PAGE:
Santa Rosa Wilderness
Guide

Introduction

Ready for your next outdoor adventure? Consider a trip to California's Santa Rosa Wilderness. It's a wonderful place to visit on an RV getaway.
Santa Rosa Wilderness is located near Palm Springs, California. A BLM managed property, this beloved natural recreational area was designated a national wilderness in 1984 and consists of 78,576 acres of ground. This pristine landmass spans through several counties, including Riverside and San Diego. Taking pride of place in the Colorado River Valley area of the Sonoran Desert, this wilderness region is simple to locate from its position above the Coachella and Lower Colorado River valleys. The vast majority of the premises can be found at the Santa Rosa and San Jacinto National Monument.
The mountain range found at Santa Rosa Wilderness was the site of rich cultural heritage, and today is still home to many undeveloped trails, primitive mills, and shelters comprised of rocks. The grounds still bear evidence of past life, including former mining sites.
The Santa Rosa Mountains are a haven for many different types of wildlife, including bighorn sheep. Coyotes, mule deer, and bobcats. Unusual plant species also make their home on the premises, including such rare varieties as Santa Rosa sage and Nuttall's scrub.
Santa Rosa Wilderness is renowned for many different recreational opportunities. The land supports a wide variety of trails, both developed and undeveloped. Among the most popular hiking trails are the Boo Hoff equestrian trail, the Cactus Spring Trail, the Bear Creek Oasis Trail, and the Lost Canyon Oasis Trail.
A portion of the property is reserved as a national state wildlife refuge. In the other areas, hunting is permitted in season and with a license. The most popular game in the region are deer, dove, and quail.
Dispersed camping is found throughout the grounds with several area campgrounds offering sites for both RV and tent camping.
For an amazing vacation in the heart of the California desert, plan a trip to Santa Rosa Wilderness. It's a fantastic locale for a relaxing RV getaway.

RV Rentals in Santa Rosa Wilderness

Transportation

Driving

Travel to Santa Rosa Wilderness is quite simple, proceeding along two-lane interstate highways that are kept in good condition. Highway 74 is the easiest route to reach the wilderness when traveling from the north. Highway 86 provides eastbound access and leads to several accompanying streets that provide the closest proximity to the grounds.

Each of the highways traverses through sections of a rich desert that is both humid and arid in different places. Travelers are advised to keep lots of drinking water on hand for their journey.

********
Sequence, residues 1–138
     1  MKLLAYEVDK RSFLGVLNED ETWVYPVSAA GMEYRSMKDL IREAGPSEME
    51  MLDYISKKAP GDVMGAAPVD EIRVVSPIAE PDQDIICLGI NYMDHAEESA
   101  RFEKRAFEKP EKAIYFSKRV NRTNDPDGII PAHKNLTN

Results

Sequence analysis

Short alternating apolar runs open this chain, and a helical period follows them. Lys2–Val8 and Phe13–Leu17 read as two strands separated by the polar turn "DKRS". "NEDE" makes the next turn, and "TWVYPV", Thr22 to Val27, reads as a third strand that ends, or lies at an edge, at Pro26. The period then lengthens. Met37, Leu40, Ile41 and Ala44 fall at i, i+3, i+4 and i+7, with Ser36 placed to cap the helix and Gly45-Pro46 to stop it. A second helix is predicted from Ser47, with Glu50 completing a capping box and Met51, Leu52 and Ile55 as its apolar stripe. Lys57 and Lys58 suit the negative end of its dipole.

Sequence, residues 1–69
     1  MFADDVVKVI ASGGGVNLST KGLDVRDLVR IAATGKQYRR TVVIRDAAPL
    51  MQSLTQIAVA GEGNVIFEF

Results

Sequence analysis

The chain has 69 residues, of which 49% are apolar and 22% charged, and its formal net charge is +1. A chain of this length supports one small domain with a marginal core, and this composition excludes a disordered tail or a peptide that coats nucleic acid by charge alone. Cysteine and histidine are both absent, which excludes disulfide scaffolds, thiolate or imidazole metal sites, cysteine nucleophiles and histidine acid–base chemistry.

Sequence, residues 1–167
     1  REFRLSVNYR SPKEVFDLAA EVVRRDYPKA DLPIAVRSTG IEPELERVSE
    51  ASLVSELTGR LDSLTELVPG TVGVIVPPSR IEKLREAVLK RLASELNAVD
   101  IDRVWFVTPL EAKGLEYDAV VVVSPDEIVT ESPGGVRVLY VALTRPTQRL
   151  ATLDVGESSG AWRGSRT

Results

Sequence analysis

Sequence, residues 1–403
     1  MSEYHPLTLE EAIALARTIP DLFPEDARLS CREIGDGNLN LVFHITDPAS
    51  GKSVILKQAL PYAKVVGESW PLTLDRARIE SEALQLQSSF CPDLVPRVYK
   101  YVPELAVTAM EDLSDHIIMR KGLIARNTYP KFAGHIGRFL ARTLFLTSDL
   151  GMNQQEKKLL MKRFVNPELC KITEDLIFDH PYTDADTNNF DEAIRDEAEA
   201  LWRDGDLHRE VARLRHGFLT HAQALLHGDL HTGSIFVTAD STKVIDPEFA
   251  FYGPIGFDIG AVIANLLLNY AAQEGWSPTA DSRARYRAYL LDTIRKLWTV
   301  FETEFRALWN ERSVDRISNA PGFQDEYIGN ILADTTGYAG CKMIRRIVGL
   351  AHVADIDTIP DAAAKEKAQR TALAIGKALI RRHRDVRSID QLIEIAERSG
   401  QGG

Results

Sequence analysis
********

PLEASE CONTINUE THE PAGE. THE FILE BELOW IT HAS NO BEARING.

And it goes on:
Parking can be found at several locations just off the highway. Though there are no formally designated lots, motorists can safely leave their vehicles 30 feet off the main road and travel the remaining distance to the wilderness on foot.

Parking

Visitors to the area are advised to park their vehicles within 30 feet of the main highways, then proceed the remainder of the way to the wilderness on foot. Vehicles equipped with four-wheel-drive may attempt the journey to the wilderness grounds but should avoid travel during extremely wet conditions when the sand is dense and wet.

Public Transportation

There is no public transportation available to Santa Rosa Wilderness due to its remote location.

Campgrounds and parking in Santa Rosa Wilderness

Campsites in Santa Rosa Wilderness

Reservations camping

Indian Flat Campground

Indian Flat Campground offers RV and tent camping year-round by reservation only. The property is found near to Yosemite National Park, making it an ideal locale for those wishing to spend time at this popular public recreational area.

Indian Flat Campground houses 25 sites which are suited to RV camping. Each of these sites is complete with water and power hookups, and some also have sewer hookups. In addition to the 25 RV campsites, there are 25 spots reserved specifically for tenting.

Also found on the grounds are two cabins for rent which feature small kitchens, private bathrooms, and cable TV.

There is one tent cabin available on-site with its own bed, lighting, and an overhead fan for comfort.

Borrego Palm Canyon Campground

Borrego Palm Canyon Campground offers year-round RV and tent camping, with reservations available from October through April. During the summer, the sites are on a first-come, first-served basis.

The on-site amenities include drinking water and bathrooms. There are showers on the grounds that take tokens. The tokens can be purchased directly at the entrance to this camping facility. There are a few RV sites that offer full hookups.

Dogs are allowed on the grounds if kept on a leash no greater than six feet in length at all times. All dogs must be kept quiet and must not display aggression. During sleeping hours, dogs must remain in their owner's tent or RV or within their vehicle. It is important to note that dogs may not go on any trails and are restricted to their campsite and paved walkways.

A quiet time is observed between 10 PM and 6 AM daily.

Hood Mountain Regional Park Camping

Hood Mountain Regional Park Camping offers several campsites in secluded areas within this public recreational area. Each of the sites can only be reached by hiking a distance of two miles from the on-site parking lot. Each of the campsites offers picnic tables, locked spaces for food, and vault toilets. There is no RV camping available on the grounds.